Just before the Fourth of July holiday weekend, President Obama signed legislation that amounted to "a massive rescue package to address Puerto Rico’s debt crisis — just one day before the island must make a $2 billion payment." The Puerto Rican debt crisis is complicated, with numerous factors causing it. One of those factors, as the New York Times reported back in February, relates to "how Puerto Rico’s power authority has piled up $9 billion in debt." Two paragraphs in particular jump out at us (bolding added for emphasis):
...the island’s government is running out of cash, facing a total debt of $72 billion and already defaulting on some bonds — and an effort is underway to limit the free electricity, which is estimated to cost the power authority hundreds of millions of dollars.
...The free electrical power is just one example of the power authority’s complex and paradoxical role in the economy here. On Tuesday, [Puerto Rico Senate President Eduardo] Bhatia will begin hearings to determine who and what are to blame for the authority’s larger problems, especially its ancient and inefficient power plants, among the last in North America to burn oil. Culprits are expected to include the authority’s secretive purchasing managers, elected officials who wasted money on natural gas pipelines that were scrapped and an institutional hostility to wind and solar power that is hard to fathom on a breezy island where the sun shines most days.
To put Puerto Rico's energy situation into perspective, the U.S. Energy Information Administration's country profile has a few important data points:
- Puerto Rico relies heavily on fuel oil to generate its electricity: "Until recently, Puerto Rico obtained two-thirds of its electricity from petroleum, generated mainly at six PREPA stations with steam turbines, combustion turbines, and/or combined cycle technology."
- Fuel oil is very expensive: "In recent years, high world petroleum prices have driven typical Puerto Rican power prices to more than twice the U.S. states' average retail price. In 2015, PREPA electricity rates declined each month along with international petroleum prices, but, in December 2015, PREPA rates were still higher than rates in 49 of the 50 states. Only Hawaii's rates were higher."
- Beyond fuel oil, Puerto Rico relies almost exclusively on other fossil fuels for its electricity generation: "The other one-third of PREPA's power supply was almost evenly divided between natural gas and coal generation, provided by two independent power producers, plus a small fraction from hydroelectric generators."
- Despite having tremendous clean energy potential, solar and wind currently make up a tiny percentage of Puerto Rico's power generation mix. "As a result, in 2015, petroleum supplied half of the island's electricity, and natural gas supplied nearly one-third. Coal continued to supply about one-sixth of electricity, while renewables supplied about 2%."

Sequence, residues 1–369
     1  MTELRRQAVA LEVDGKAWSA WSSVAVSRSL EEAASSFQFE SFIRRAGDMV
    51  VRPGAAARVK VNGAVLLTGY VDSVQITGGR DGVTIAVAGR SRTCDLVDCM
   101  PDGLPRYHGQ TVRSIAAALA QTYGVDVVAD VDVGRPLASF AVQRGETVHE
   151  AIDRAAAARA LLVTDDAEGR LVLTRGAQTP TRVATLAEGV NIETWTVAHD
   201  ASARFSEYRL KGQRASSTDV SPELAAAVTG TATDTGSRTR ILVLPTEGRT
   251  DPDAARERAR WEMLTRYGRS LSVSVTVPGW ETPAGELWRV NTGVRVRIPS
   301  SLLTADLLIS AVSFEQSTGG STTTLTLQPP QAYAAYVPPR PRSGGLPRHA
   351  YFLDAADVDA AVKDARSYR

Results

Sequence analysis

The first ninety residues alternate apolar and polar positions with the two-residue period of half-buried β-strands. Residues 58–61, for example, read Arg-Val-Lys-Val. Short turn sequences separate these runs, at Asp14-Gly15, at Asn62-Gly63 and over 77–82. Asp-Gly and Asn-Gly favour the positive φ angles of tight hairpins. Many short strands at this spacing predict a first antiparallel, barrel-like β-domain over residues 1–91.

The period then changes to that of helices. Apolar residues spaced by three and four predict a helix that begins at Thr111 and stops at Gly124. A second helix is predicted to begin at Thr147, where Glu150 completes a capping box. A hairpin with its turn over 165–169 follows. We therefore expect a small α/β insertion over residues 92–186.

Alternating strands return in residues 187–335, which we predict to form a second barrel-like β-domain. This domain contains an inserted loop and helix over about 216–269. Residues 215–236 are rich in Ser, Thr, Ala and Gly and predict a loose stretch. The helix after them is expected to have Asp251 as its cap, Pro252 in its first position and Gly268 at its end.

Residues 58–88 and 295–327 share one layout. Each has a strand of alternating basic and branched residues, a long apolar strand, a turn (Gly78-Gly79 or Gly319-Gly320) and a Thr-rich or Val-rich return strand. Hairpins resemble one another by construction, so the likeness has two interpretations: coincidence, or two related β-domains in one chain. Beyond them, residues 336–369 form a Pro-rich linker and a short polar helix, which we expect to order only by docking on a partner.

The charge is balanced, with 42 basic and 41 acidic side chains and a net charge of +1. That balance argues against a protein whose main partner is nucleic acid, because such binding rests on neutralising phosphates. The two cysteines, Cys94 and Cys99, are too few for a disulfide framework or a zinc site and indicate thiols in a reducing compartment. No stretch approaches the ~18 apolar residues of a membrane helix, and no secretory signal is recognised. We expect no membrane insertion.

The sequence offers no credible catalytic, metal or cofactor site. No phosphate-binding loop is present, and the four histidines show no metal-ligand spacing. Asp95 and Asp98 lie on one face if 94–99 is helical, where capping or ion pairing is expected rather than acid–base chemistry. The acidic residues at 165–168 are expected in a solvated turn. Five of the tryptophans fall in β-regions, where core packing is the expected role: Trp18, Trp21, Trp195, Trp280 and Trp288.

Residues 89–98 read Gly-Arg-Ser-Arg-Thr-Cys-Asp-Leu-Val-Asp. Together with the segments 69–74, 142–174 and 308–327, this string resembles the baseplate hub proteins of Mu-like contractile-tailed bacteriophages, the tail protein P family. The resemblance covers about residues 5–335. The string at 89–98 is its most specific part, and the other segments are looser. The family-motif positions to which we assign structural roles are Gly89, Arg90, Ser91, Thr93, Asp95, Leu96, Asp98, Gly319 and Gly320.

The answer, as this op-ed in The Hill (by Tom Sanzillo of the Institute for Energy Economics and Financial Analysis, "a think tank focused on clean energy issues") argues:
What’s overlooked in Puerto Rico’s debt crisis is how so much of it can be tied back to a dangerously fossil-fuel dependent and debt-laden electricity system...The Puerto Rico Electric Power Authority is deep under water, to the tune of $8 billion...
...Wrapped up in the thinking around how to reverse the island’s debt crisis is a deeply misguided refinancing of the power authority that gives bondholders a blank check and remakes the island’s electricity system into one almost wholly reliant on imported natural gas...
The irony in the Puerto Rico debt story is that the island is blessed with abundant sunshine, a resource that is all but ignored in the plan to switch the power authority from its current imported-oil-dependent grid to one tied almost completely to imported natural gas.
Indeed there is inexplicable and staunch institutional resistance in Puerto Rico to harnessing solar energy, which is now cost-competitive with traditional electricity-generation and spreading globally. A report we published in September shows how a new mindset among elected officials and utility managers would help right the ship.
Clearly, given the facts outlined above, switching from burning expensive, dirty fuel oil and other fossil fuels to clean energy - solar, wind, energy efficiency - would make an enormous amount of economic and environmental sense for Puerto Rico. Perhaps Puerto Rico might want to follow the lead of another island, Hawaii, in moving to 100% renewable energy?